A Medicare pilot program may soon allow ambulance companies to transport seniors to non-hospital facilities for primary or urgent care.
The new payment and service model – called the Emergency Triage, Treat and Transport (ET3) model – comes partly from a mobile health initiative that was first proposed to Medicare officials in 2014.1
The Centers for Medicare and Medicaid Services (CMS) Innovation Center issued a policy that will allow ambulance suppliers and providers to transport Medicare and Medicaid beneficiaries to facilities other than emergency rooms for care that is not life threatening.
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The test program is expected to rollout in early 2020, and will begin a five-year performance period.2
The ET3 model will allow participating ambulance suppliers and providers to respond to emergency calls in more ways.
When participating ambulance providers arrive at a requested destination, they can provide on-the-scene care with a qualified health care practitioner. They can also provide transportation to an alternative health care destination, such as an urgent care clinic or a primary care provider’s office.
Transportation to an emergency room can still be provided, when necessary. The ET3 model, however, seeks to provide more appropriate care at the time of need and discourage unnecessary trips to the emergency room.
In Detroit, where a similar initiative was first proposed, at least 50 percent of ambulance rides to emergency rooms are considered unnecessary, according to reports.1
Original Medicare (Medicare Part A and Part B) currently provides coverage for ambulance rides to the hospital for emergency care, but not to urgent care clinics or doctor’s offices.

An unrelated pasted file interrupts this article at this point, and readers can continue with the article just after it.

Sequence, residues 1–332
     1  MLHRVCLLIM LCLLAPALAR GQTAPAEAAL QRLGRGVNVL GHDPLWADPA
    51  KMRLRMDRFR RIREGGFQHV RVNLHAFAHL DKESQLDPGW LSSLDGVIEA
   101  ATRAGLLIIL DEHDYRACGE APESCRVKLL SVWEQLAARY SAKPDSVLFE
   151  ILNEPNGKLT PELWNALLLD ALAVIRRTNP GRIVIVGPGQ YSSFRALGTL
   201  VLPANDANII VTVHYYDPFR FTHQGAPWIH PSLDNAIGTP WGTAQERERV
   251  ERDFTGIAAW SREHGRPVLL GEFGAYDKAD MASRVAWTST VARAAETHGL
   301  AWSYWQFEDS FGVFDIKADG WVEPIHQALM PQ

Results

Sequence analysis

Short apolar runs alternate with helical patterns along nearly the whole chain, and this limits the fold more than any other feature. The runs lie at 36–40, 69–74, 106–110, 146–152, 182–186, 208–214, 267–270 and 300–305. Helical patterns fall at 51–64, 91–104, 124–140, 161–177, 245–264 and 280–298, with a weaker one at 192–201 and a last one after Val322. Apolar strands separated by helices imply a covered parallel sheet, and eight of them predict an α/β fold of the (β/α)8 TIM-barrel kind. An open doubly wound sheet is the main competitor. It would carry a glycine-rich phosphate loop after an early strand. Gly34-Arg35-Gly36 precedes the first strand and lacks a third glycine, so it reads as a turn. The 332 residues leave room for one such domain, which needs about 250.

When a beneficiary, for example, cuts their hand while slicing a piece of fruit and is unable to get to an urgent care facility on their own, they are left to call for an ambulance ride to the emergency room that can cost thousands of dollars.
Some ambulance providers – such as Greg Beauchemin, CEO of Southfield, Michigan-based Community EMS – say they can make a “house call” for 10 percent of the typical cost to transport a patient to a hospital.1
Medicare out-of-pocket expenses tend to be higher at a hospital than at a clinic or doctor’s office. Receiving non-life-threatening care at a clinic or a doctor’s office could potentially save Medicare beneficiaries a great deal of money in out-of-pocket deductibles and coinsurance.
The program is designed to help improve the quality of beneficiaries’ health care. Many seniors may have trouble getting to the doctor for non-emergency care, which can cause some health issues to worsen.
Medicare Advantage plans (Medicare Part C) have recently begun providing coverage for non-emergency care, and some plans are even partnering with the popular ridesharing business Lyft to do so.
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Christian Worstell is a licensed insurance agent and a Senior Staff Writer for MedicareAdvantage.com. He is passionate about helping people navigate the complexities of Medicare and understand their coverage options.
His work has been featured in outlets such as Vox, MSN, and The Washington Post, and he is a frequent contributor to health care and finance blogs.
Christian is a graduate of Shippensburg University with a bachelor’s degree in journalism. He currently lives in Raleigh, NC.
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